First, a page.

Mark Covaleski

Mark A. Covaleski
PhD, CPA

Professor of Health Care Managment

School of Business, University of Wisconsin-Madison

About Mark Covaleski

Mark Covaleski, a CPA and the Robert Beyer professor of managerial accounting and control at the University of Wisconsin-Madison, is a nationally known speaker and educator on financial management in the health care setting.

Covaleski’s programs have been featured at health care providers including Mayo Clinic, Harvard Community Health Plan, Northwestern Memorial Hospital, Advocate Health Care Systems, Legacy Health Care System, Presbyterian Hospital System, Catholic Health Initiatives, Brigham and Women's Hospital and Mercy Health Systems, among others.

Covaleski has served on numerous boards of directors for health care provider organizations and other nonprofit health care and social service organizations. He has been the recipient of numerous teaching awards in the health services administration program in the School of Business at the University of Wisconsin-Madison, the physicians’ executive administrative program in the School Medicine and Public Health at the University of Wisconsin-Madison and the master of medical management program at the Tulane School of Public Health and Tropical Medicine.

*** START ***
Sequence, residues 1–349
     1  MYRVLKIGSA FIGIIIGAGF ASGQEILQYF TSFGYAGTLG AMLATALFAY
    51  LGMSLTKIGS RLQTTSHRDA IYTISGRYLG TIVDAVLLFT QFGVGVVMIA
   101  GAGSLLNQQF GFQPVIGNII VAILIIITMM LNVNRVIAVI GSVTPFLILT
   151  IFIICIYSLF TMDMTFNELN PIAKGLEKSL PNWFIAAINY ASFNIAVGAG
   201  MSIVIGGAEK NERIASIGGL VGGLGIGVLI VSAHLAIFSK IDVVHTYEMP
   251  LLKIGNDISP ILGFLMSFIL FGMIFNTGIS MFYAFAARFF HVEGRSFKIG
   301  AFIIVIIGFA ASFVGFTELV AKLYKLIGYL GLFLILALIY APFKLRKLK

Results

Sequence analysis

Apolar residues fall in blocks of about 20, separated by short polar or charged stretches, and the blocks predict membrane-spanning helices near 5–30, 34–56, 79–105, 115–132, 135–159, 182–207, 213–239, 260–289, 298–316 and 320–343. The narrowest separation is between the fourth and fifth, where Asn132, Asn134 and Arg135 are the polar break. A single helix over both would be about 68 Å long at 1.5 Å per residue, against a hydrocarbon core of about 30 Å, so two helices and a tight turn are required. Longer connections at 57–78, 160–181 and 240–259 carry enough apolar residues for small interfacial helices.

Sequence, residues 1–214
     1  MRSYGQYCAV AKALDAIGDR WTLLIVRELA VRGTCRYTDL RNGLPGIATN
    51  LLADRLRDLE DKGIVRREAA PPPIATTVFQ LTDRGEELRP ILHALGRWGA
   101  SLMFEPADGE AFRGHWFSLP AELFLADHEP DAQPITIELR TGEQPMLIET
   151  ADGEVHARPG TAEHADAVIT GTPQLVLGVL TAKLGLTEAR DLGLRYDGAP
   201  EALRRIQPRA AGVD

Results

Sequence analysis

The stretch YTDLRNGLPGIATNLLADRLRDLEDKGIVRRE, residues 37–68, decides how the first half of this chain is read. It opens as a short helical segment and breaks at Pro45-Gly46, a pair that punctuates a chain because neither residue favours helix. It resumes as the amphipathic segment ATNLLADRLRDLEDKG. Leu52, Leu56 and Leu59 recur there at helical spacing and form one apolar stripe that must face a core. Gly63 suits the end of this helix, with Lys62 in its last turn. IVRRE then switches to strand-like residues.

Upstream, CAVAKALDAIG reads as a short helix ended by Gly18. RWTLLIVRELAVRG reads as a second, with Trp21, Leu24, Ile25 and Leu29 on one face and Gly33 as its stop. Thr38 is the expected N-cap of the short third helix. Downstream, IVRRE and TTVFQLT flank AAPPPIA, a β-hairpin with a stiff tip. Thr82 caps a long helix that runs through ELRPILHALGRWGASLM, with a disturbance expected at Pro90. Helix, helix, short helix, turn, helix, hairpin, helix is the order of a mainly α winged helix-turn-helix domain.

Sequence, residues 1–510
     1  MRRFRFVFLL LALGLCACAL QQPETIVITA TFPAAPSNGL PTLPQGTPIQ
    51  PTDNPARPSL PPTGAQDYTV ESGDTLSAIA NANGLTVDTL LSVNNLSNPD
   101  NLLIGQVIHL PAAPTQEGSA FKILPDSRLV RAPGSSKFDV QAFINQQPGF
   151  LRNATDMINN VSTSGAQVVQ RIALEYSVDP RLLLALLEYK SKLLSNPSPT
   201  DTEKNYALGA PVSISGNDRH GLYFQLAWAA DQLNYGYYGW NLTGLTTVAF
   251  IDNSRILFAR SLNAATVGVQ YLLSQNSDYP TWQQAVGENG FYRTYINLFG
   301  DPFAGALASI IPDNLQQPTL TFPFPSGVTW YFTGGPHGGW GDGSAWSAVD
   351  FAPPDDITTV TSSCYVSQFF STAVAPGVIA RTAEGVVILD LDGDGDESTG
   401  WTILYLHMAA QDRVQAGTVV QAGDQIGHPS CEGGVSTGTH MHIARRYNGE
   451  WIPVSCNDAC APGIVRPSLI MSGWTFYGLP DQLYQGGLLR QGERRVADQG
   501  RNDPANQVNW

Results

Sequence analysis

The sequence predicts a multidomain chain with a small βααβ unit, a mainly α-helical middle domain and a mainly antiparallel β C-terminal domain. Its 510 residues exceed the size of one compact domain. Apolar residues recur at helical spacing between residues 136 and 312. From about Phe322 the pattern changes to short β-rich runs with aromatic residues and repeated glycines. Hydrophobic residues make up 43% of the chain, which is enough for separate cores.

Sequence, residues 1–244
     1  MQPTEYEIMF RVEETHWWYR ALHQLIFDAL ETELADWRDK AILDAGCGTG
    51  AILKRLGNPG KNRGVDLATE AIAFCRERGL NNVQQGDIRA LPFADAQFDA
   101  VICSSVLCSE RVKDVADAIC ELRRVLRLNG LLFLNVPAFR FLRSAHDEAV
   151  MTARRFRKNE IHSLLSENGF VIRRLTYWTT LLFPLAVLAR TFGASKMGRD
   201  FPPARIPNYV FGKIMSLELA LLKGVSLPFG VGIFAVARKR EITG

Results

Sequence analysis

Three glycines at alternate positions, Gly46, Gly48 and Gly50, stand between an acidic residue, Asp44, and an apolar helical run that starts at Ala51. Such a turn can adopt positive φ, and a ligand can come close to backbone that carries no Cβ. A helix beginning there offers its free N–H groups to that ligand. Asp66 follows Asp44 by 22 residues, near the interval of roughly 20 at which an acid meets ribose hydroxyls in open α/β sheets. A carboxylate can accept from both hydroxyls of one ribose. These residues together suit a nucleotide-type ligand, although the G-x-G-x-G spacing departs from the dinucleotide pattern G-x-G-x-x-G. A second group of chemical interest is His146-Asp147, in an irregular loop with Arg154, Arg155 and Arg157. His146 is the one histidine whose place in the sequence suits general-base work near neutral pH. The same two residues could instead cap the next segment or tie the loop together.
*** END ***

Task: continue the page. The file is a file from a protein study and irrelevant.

Areas of Expertise

  • Financial statement analysis 
  • Operating and capital budgeting 
  • Cost analysis and pricing in a fee-for-service environment
  • Economics of health care
  • Use of the balanced scorecard in strategic decision making
  • Cost analysis and pricing in a fixed payment (bundling and capitation) environment

Degrees

BS - Accounting
Gannon University

MBA - Organizational Theory
University of Utah

PhD - Health Care Financial Management 
Pennsylvania State University

Certifications

  • CPA, state of Wisconsin

Other

Recognized as “academic elite for behavioral accounting research in the United States,” by the research journal Accounting, Organizations and Society.

Recognized as among “most prolific authors in 10 premier accounting journals, 1982-2001” and as the “third most productive doctoral graduate for the class,” by the research journal Advances in Accounting.

Recognized as among the "most prolific authors (top 3.2 percent) in the past decade (1979-1988) in 24 academic accounting journals," by the International Journal of Accounting.